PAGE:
Kris Van Assche’s tenure at Dior Homme has coincided with a tidal wave of attention and new brands devoted to menswear. Within a market on the brink of oversaturation, though, van Assche has kept Dior Homme a leader and lightning rod in men’s fashion, carving out a distinct voice for a historic house.
On the eve of his tenth year as creative director, Whitewall spoke with Van Assche about testing the limits of the label and experimenting with a unique urban language he’s employed to create looks like his signature skater suit and efforts to reintroduce florals into men’s fashion.
Van Assche also shared with us how he started collaborating with the ceramicist Kristin McKirdy, an encounter that came out of his growing collection of midcentury French porcelain. We learned that art has always a part of his life, while he was growing up in Antwerp and now in Paris.
WHITEWALL: You’ve now been creative director at Dior Home for nine years. Is there a significance for you in reaching a decade with the fashion house?
KRIS VAN ASSCHE: A decade is exciting for me, but I don’t necessarily feel nostalgic. It’s more a time to take stock and be thankful to everyone who has supported me for so long, and a chance to evolve what I have been doing at Dior Homme with an even more confident fashion message. Of course, it is a moment of celebration, too!
WHITEWALL: You’ve said how defining what Dior Homme is was the initial focus for you when you came on in 2007 as creative director. Now that that’s been successfully established, how has your focus changed?
KVA: We have worked very hard to create a foundation for the Dior Homme wardrobe, to rebuild and reinforce the heritage details and the classic elegance of the house. With that so strongly in place, I can now progress further and test the limits of the fashion collection—taking it in new directions, experimenting with my own urban language in more complex ways.
WW: Your time at Dior Homme has coincided with a real sea change in attention to menswear. What do you think of the increase in attention to men’s fashion? Are there pitfalls to such an exponential expansion of the market?
KVA: Menswear has never been more potent or visible, and that is an exciting thing as it encourages guys everywhere to pay more attention to their own sense of style. Perhaps it means they will take a chance with a new silhouette, try an innovative material, or mix and match from their wardrobe in a more modern way. The only negative to this expansion of the menswear market is the saturation of similar brands and aesthetics—but it just makes me strive to ensure that Dior Homme stands out even more as a pillar of iconic menswear.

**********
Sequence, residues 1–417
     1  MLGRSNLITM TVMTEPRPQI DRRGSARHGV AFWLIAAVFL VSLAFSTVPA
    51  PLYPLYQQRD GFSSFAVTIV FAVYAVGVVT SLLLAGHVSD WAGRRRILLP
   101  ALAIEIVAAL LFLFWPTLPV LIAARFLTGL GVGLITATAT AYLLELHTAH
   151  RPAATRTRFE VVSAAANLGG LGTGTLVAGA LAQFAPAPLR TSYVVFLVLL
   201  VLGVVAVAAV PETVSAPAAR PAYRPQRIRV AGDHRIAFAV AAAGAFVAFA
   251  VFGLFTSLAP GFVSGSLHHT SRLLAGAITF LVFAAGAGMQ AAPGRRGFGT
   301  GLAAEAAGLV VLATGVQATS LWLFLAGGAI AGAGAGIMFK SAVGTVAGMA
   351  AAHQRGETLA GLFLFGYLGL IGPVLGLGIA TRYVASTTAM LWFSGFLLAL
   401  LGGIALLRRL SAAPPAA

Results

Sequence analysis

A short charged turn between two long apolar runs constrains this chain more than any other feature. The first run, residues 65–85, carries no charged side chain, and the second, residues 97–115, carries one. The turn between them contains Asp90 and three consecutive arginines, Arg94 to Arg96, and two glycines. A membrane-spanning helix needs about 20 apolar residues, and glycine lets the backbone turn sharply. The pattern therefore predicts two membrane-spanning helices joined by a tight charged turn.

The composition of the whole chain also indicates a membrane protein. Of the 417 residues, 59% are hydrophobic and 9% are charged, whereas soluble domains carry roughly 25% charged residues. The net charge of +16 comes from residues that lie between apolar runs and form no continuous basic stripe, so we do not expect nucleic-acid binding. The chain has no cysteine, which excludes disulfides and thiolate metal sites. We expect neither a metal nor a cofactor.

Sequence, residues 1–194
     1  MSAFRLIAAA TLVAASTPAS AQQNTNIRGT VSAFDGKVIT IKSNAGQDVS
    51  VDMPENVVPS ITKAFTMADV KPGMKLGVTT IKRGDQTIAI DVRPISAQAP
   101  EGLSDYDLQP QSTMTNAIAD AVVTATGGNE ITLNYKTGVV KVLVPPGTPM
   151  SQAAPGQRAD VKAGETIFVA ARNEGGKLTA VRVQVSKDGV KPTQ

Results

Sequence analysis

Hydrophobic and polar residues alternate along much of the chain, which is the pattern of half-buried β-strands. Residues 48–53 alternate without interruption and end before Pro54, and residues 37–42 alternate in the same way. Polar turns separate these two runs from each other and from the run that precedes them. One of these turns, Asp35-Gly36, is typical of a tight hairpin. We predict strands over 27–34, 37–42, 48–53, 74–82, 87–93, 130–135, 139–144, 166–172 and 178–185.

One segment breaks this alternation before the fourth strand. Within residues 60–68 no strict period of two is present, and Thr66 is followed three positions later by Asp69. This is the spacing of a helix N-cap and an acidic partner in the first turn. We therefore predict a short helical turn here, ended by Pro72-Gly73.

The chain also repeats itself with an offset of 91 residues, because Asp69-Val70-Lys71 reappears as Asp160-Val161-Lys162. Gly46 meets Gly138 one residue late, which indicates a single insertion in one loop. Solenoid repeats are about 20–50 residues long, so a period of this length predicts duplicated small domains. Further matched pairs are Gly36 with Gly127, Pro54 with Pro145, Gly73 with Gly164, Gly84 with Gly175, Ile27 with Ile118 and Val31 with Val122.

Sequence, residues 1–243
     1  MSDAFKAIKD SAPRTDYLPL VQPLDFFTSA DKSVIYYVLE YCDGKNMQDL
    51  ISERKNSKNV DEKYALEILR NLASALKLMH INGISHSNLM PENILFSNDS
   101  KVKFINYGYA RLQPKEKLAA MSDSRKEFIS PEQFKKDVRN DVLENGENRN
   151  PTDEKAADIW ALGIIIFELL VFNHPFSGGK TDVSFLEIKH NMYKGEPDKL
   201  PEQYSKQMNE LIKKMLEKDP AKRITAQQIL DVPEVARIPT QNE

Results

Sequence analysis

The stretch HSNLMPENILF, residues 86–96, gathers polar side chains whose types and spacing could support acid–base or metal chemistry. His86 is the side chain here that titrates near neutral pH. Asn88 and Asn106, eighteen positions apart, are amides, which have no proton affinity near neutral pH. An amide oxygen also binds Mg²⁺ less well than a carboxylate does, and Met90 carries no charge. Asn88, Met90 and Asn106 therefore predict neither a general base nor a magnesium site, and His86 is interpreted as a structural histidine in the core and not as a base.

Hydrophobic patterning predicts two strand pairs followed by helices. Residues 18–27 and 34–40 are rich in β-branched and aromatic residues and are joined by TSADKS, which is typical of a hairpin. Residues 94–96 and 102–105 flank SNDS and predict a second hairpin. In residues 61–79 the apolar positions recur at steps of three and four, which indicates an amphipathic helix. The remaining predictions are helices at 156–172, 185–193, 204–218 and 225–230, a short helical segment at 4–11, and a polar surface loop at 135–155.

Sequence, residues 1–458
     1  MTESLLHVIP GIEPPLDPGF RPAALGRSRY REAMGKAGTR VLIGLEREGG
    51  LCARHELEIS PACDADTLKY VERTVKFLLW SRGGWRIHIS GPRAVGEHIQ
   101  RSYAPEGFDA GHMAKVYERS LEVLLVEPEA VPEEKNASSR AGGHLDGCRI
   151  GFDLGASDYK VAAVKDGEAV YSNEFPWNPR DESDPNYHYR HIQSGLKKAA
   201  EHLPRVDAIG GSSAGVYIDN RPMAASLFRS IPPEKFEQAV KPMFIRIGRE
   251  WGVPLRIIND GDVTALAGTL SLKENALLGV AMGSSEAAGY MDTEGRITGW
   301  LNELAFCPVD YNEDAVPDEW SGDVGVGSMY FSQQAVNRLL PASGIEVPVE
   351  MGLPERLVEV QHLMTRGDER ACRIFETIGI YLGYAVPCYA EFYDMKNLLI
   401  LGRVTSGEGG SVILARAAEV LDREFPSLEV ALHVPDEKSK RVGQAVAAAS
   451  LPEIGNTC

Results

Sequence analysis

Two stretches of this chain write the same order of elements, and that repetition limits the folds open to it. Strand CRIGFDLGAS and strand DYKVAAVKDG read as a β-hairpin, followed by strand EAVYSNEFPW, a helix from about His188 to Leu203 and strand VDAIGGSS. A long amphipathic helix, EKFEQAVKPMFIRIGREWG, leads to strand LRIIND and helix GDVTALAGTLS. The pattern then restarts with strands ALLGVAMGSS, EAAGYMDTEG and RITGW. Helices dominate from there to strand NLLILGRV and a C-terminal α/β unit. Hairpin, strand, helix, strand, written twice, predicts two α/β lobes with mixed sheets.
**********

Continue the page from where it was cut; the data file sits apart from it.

WW: You put your eponymous collection on hold last year. How has that affected your creative process at Dior Homme? Do you feel a bit freer to show more of your personality in the collections?
KVA: Putting the Kris Van Assche label on hold was a personal decision that has allowed me to refocus my energy into a single project. I do indeed feel freer to inject more of the urban and sportswear references of my own label into Dior Homme—it has been a natural progression to reveal that side of me season by season without feeling labored or forced.
WW: What made you ultimately feel confident enough to reference Mr. Dior, however conceptually?
KVA: I think that his spirit has always been present in my collections for Dior Homme in one way or another, from the very first formalwear through to my more recent literal homage. In the past few seasons I explored some of the very few existing links that could be drawn between Mr. Dior himself and menswear, considering he never designed any himself. Instead, I took elements like his handwriting and his signature, his favorite flowers, and his sense of bourgeoisie, and I twisted them into something new.
WW: Lately, you’ve been introducing some floral imagery and patterns, like the lily of the valley (a historical Dior reference) in 2014 and in the fall/Winter 2016–17 collection several different rose patterns. Can you talk about a bit about introducing floral patterns into menswear, especially in the most recent collection?
KVA: Men have been wearing florals for centuries, so for me it was more about how to make that a relevant statement for today. I have always personally been inspired by flowers myself, right from my very first Kris Van Assche collections. Of course, the lily of the valley or muguet was Mr. Dior’s favorite flower, which I interpreted as an embroidered corsage and appliqué across pinstripe suiting for Fall 2015. A season later I created the white rose badges as one of my symbols of the Parisian boy and his mash-up of bourgeois and streetwear, and for Fall 2017 that became a darker, New Romantic symbol as intarsia knitwear and a black-and-white photo print.